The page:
You may have thought asking $5 extra for the game was a ballsy move. You may have thought asking $6 for a box of literal bull shit was the worst idea you've ever heard.
Don't worry. It gets worse.
On Black Friday, the team at Cards Against Humanity took everything down from their website. They replaced it with a single form that looked like this:
Courtesy of Techcrunch
This is a marketing stunt that most businesses wouldn't even dream of, much less actually attempt and succeed. As you may expect, this idea received a mixed reception of disbelief and awe. Mostly that people were actually participating in the deal.
All in all, Cards Against Humanity raised over $71,000 in their buy-one-get-nothing sale. They also received the continued devotion of their current customers, and plenty of free advertising from incredulous news blogs.
At least until Black Friday 2016, you can check out what the staff spent $71k on. Here's one from Alex:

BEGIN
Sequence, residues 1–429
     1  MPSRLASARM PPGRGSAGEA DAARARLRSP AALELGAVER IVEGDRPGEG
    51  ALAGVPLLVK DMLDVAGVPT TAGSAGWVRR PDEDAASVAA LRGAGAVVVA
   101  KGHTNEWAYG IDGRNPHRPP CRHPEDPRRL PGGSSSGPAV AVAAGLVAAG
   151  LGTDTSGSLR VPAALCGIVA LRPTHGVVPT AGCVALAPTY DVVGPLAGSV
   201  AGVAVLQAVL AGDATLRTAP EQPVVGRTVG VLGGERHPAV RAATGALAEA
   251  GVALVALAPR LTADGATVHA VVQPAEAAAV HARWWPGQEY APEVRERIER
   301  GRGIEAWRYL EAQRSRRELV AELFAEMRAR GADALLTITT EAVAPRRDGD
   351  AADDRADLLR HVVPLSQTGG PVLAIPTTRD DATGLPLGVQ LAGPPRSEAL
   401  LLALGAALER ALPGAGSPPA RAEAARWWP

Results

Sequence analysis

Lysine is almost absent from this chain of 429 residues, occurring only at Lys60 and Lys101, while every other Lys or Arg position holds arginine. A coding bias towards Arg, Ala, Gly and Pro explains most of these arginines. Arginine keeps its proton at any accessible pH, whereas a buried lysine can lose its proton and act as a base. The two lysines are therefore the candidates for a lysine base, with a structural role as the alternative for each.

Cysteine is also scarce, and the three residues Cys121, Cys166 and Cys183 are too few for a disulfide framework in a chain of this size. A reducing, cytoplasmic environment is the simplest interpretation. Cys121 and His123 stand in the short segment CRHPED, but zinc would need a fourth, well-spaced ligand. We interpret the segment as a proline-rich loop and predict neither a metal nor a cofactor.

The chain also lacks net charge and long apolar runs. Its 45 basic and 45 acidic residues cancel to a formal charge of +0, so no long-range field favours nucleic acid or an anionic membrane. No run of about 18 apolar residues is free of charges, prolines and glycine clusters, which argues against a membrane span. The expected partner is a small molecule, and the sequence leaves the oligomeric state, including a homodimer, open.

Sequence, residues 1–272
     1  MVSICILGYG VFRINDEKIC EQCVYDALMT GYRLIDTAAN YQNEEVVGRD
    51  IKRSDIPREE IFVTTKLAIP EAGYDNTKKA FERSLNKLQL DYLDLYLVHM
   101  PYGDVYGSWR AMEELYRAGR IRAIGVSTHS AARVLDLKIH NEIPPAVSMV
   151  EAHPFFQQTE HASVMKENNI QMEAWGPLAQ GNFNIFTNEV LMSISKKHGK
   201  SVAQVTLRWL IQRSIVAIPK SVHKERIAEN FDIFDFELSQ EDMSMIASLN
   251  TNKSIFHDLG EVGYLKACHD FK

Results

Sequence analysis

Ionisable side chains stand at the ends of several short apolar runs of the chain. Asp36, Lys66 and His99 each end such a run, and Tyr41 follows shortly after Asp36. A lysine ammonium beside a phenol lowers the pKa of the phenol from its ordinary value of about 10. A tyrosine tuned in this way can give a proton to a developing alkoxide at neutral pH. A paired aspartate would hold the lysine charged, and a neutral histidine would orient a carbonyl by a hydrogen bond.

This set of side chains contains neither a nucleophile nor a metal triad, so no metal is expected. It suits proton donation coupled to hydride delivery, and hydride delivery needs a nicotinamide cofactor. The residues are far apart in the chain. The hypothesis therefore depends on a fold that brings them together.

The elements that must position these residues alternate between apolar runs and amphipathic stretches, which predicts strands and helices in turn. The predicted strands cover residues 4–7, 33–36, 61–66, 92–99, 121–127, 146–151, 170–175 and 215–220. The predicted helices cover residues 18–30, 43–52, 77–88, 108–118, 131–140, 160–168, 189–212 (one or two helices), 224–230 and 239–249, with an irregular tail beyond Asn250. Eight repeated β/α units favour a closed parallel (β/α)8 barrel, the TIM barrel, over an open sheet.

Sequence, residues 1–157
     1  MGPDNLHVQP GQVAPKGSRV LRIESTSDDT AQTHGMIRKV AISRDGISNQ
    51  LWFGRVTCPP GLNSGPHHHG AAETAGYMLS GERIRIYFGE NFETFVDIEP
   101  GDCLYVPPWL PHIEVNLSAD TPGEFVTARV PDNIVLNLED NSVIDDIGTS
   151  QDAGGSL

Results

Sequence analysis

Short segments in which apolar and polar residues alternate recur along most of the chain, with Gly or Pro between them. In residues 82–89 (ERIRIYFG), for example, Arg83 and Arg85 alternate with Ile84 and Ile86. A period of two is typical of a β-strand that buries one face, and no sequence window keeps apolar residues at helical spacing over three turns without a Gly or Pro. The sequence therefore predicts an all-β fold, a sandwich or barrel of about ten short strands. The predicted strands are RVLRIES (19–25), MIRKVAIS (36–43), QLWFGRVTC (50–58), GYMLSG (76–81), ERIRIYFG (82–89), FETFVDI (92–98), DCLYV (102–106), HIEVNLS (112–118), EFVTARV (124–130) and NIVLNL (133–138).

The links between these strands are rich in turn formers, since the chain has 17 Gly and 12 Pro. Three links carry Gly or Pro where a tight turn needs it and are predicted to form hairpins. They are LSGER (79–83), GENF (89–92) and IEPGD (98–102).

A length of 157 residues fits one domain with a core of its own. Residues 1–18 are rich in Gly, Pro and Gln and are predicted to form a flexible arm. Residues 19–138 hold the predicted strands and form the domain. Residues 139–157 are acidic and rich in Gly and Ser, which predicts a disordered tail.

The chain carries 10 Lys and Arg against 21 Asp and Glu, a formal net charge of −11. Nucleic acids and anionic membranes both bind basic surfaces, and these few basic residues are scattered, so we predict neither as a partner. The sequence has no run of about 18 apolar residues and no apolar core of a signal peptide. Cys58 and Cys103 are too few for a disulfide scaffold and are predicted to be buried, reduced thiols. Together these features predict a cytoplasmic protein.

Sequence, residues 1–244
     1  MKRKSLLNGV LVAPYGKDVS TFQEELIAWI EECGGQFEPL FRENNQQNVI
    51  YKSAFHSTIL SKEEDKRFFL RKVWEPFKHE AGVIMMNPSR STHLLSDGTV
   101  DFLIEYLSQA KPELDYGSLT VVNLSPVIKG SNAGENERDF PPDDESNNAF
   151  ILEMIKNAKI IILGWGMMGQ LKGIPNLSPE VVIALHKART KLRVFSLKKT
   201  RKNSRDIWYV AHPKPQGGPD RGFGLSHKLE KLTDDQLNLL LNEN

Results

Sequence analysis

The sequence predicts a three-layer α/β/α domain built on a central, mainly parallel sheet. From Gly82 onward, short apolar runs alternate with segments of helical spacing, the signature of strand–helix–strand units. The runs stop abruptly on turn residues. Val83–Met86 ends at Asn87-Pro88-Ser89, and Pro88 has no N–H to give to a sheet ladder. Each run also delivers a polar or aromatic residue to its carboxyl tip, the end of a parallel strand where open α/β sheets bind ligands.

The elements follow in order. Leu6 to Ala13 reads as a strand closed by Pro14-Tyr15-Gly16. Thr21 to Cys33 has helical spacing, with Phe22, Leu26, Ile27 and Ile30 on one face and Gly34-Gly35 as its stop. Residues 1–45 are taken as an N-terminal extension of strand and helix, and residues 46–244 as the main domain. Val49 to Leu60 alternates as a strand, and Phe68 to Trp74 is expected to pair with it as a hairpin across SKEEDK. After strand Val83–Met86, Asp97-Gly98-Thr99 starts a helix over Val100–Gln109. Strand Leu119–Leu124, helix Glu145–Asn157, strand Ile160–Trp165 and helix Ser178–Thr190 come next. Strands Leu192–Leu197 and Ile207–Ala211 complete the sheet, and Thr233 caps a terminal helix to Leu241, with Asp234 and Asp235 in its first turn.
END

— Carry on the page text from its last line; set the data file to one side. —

If nothing else, Cards Against Humanity certainly blazed an interesting trail through the marketing landscape. Maybe it would be more accurate to say they ran through it, screaming, lighting things on fire as they went.
But Why Does It Work?
1. It Appeals to Their Buyer Persona
Cards Against Humanity has a firm grasp - a death grip, really - on their buyer personas. CAH knows their target audience. CAH knows what their buyers want. CAH knows what matters to their buyers, and what they enjoy.
What do Cards Against Humanity buyers appreciate?
- Going against the grain